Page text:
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Report suggests Wudhu might lower risk of COVID-19 for UK Muslims

Report suggests Wudhu might lower risk of COVID-19 for UK Muslims

Saad Ali Rana
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Muslims perform Wudhu (Ablution) five-times-a-day before the compulsory prayers and a recent report by Professor Richard Webber suggests that this religious practice might play a major role in preventing the spread of the novel coronavirus in UK’s Muslims.

The duo of Professor Richard Webber from Newcastle University and former Labour Party politician Trevor Phillips, writes in the report that Muslims in the UK might be at a lower risk of COVID-19 because of their ‘cultural habits’ of performing Wudhu which requires frequent hand washing.

How is performing Wudhu lowering the risk?

The report suggest performing Wudhu five times a day which requires frequent hand washing might have saved many Muslims from contracting COVID-19, as washing hands frequently is one of the precautionary measures against coronavirus.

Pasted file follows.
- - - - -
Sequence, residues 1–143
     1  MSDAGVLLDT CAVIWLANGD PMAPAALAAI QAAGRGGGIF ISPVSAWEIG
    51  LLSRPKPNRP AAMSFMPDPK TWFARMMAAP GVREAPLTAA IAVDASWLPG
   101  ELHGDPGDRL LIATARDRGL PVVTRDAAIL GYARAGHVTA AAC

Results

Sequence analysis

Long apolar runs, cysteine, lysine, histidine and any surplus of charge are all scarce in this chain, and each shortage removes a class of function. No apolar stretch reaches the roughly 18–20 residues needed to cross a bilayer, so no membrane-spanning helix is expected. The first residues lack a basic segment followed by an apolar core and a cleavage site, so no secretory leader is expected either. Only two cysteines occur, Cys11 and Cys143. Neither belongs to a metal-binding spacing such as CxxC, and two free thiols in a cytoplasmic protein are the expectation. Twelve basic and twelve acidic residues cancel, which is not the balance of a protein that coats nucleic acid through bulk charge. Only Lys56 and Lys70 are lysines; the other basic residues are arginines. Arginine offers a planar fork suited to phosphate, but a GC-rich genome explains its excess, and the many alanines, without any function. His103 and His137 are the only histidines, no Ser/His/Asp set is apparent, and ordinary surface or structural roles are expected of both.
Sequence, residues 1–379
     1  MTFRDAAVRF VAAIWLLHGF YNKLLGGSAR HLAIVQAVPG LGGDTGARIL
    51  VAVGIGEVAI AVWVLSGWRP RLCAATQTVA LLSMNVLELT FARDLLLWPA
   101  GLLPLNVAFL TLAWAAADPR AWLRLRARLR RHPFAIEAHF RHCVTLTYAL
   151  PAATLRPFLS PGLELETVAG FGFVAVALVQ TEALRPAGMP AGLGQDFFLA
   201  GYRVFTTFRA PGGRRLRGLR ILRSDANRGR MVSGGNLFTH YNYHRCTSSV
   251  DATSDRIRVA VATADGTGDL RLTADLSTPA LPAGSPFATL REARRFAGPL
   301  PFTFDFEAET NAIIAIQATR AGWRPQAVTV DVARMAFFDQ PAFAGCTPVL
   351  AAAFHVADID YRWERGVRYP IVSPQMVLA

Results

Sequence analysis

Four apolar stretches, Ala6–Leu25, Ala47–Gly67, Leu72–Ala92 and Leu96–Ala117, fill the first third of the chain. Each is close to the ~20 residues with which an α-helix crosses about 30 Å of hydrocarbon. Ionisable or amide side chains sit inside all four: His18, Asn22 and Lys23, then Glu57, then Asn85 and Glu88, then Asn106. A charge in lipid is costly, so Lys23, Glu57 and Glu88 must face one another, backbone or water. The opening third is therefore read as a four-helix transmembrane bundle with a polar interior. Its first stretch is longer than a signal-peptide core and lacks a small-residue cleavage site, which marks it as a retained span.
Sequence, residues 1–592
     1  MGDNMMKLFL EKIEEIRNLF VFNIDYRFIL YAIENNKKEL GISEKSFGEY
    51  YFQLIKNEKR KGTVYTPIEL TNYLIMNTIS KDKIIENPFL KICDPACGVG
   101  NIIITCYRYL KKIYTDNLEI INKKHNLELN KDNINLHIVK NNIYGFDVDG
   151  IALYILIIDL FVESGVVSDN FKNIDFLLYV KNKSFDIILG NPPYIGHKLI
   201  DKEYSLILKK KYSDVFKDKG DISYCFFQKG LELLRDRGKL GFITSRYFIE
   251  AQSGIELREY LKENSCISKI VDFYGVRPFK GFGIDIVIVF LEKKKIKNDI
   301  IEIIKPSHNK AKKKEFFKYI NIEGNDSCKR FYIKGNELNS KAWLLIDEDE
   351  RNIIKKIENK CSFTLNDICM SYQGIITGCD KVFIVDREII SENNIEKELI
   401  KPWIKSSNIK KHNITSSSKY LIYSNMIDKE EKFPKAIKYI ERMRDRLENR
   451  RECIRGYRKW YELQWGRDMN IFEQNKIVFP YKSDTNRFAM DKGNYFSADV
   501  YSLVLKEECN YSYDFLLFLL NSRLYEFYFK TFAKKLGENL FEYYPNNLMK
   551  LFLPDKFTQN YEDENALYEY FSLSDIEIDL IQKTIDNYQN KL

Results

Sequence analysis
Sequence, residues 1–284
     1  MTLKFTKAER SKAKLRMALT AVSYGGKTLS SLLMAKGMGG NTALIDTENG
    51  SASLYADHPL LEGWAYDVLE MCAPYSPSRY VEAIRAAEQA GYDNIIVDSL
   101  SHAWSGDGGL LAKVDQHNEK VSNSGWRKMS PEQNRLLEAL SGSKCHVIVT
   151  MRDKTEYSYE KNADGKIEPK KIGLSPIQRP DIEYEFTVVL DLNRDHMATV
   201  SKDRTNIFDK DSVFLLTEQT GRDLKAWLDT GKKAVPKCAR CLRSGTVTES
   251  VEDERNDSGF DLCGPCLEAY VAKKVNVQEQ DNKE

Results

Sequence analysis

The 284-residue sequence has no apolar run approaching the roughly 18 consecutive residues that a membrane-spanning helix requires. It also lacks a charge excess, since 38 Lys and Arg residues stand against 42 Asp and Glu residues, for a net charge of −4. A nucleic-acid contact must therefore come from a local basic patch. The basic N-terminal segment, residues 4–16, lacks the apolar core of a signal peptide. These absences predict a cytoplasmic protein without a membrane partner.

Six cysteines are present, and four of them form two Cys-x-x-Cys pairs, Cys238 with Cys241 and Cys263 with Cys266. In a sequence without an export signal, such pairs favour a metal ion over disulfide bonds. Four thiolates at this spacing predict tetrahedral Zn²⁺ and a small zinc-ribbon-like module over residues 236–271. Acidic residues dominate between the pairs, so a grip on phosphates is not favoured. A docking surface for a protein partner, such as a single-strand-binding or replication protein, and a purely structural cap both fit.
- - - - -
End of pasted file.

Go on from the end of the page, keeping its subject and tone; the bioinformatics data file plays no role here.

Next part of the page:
However, other reasons also play part

Other reasons such as low employment, especially of Muslim women in UK, also contributes to controlling the spread of the novel coronavirus in areas where there is a higher concentration of Muslims. Data shows that only 29% of British Muslim women are employed, causing them to stay home, & not partaking in transport to areas with higher concentration of cases, hence reducing the risks.

As The News reports, Phillips says areas such as Blackburn, Bradford, Luton, Rochdale and Rotherham are “conspicuous by their absence” on the list of worst-hit places by the coronavirus. These areas have a greater number of Muslims living there.

The News

In an opinion piece written for The Times, Phillips writes,

‘Were poverty the key determinant, we would expect the virus to be running rampant among Britain’s Pakistani and Bangladeshi Muslim communities.’ 

The Times

He supports this by giving example of Tower Hamlets, in central London, which is more than a third Muslim and surrounded by coronavirus hotspots but appears cocooned from it. Statistics suggest that only four of the areas with the highest Muslim populations appear on the list of COVID-19 hotspots. These areas are Newham, Birmingham, Brent and Ealing.

Read more from Propergaanda: Tokyo ‘orphanage’ for babies reports eight coronavirus cases

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